Over the last few years there has been a lot of discussion on how we will meet the global energy demand in the future. And what will be the technologies to generate it? In the end it all comes down to the levelized cost of electricity (LCOE), which is the sum of all costs of a power plant divided by the total electricity that is generated over the plant’s lifetime. All companies in the renewable energy industry focus on reaching lower LCOE compared to conventional power generation (especially gas). Their biggest advantage is that there are no costs for fuel (sun light, wind, water).
Let’s take solar power as an example. Principally there are two ways to use the sun light: First it can be converted directly to electricity (photovoltaics). Second, it can be used indirectly by generating thermal energy (concentrated solar power). In order to reach higher efficiency solar trackers are used to orient photovoltaic panels, reflectors, or mirror towards the sun. On the other hand they add costs to the system. Therefore it must be carefully calculated whether a tracker (single or dual axis) is required or not (fixed installation).
Single axis trackers are used to position photovoltaic panels, parabolic troughs or linear Fresnel collectors from east to west on a north to south orientation. Depending on the required tracking accuracy different sensors are used for this task. As most of the photovoltaic trackers use electric linear actuators, very often inductive sensors are installed on the actuator for position feedback. They are cost optimized and are a standard feature in the actuators. Another option is to use inclination sensors that are directly mounted on the rotating shaft to provide angle feedback (e.g. in linear Fresnel plants). As inclinometers are mounted on the moving part, there is cable wear that could lead to failure over time. For high end tracking, as is required in parabolic trough plants, magnetic tape systems are used as rotary encoders. A magnetic tape is mounted around the shaft and a sensor head is installed on the frame of the tracker. The sensor counts the pulses accurately and provides continuous position feedback without any wear.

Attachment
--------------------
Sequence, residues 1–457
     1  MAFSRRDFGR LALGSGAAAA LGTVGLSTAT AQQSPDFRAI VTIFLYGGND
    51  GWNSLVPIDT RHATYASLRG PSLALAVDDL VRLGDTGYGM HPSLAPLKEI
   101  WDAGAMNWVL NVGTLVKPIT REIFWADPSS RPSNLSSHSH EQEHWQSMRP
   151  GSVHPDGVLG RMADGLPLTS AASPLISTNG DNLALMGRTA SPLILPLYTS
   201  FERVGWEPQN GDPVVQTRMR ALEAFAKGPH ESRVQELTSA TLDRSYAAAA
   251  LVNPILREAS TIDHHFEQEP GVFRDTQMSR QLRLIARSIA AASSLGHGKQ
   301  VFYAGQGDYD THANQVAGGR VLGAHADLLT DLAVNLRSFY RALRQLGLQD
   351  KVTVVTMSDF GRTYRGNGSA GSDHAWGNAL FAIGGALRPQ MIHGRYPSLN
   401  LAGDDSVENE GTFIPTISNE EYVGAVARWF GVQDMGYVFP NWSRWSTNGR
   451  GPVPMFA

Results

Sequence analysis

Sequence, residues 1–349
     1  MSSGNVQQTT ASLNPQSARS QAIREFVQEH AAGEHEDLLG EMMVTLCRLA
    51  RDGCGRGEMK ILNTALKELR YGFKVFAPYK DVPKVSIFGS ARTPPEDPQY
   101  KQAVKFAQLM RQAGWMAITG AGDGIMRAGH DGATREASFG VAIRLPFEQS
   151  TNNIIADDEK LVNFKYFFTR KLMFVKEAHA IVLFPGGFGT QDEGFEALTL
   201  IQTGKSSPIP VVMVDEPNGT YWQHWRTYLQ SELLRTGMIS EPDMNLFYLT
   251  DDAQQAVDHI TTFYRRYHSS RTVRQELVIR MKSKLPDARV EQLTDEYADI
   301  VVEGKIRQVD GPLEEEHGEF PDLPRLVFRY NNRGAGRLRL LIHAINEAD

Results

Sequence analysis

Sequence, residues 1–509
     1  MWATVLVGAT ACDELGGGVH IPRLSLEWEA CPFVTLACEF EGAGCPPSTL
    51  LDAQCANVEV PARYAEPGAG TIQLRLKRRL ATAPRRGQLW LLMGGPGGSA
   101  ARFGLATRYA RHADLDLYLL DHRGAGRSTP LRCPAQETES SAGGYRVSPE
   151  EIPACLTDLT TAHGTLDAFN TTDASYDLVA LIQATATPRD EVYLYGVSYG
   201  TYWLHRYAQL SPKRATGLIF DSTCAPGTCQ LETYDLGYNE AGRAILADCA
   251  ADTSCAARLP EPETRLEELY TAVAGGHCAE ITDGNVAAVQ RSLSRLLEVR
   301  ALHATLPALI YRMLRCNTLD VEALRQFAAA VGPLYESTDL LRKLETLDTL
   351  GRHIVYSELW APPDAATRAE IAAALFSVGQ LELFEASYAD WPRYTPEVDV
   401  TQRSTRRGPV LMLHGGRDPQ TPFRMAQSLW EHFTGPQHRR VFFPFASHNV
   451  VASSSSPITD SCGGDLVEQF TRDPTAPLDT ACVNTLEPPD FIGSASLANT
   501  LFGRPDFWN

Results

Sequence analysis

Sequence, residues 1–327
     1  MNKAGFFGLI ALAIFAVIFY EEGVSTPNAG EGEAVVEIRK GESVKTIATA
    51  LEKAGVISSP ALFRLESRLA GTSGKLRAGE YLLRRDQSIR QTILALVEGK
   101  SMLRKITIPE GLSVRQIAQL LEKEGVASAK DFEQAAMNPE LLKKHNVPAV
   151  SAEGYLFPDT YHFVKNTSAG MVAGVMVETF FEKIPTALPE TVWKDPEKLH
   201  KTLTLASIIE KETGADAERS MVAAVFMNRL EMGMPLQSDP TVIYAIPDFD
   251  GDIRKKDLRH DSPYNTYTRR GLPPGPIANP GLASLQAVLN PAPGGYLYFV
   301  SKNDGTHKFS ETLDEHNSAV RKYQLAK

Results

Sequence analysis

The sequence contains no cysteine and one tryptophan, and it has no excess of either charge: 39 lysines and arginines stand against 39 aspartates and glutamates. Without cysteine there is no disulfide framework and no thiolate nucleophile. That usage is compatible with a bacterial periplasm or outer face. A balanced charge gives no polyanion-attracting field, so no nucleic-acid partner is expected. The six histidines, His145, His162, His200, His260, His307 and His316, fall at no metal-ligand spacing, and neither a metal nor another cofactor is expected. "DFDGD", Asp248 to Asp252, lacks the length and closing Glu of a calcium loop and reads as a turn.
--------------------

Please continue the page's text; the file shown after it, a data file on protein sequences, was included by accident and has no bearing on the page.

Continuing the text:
Dual axis trackers are used to position concentrated photovoltaic (CPV) panels, parabolic reflectors (dish) or mirrors (heliostats). Especially in central receiver plants high accuracy is required. They need high temperatures and therefore have to focus lots of light on a central receiver on top of a tower in the middle of the heliostat field. As there is an azimuth and an elevation axis, two position feedback systems are required. The elevation angle could be solved with an inclinometer, but this does not work for the azimuth position. Again, the position could be measured with embedded rotary encoders directly on the drive. But there is again backlash, and accuracy is of highest importance as heliostats could be one mile away from the central receiver. Magnetically coded position and angle measurement systems can be mounted on both axis (azimuth and elevation) and provide direct position feedback with highest accuracy.
More information can be found in this brochure about power generation. http://asset.balluff.com/std.lang.all/pdf/binary/861522_162563_1305_en-US.pdf
Special thank you to Bernd Schneider, Industry Manger – Balluff GmbH for contributing to this post.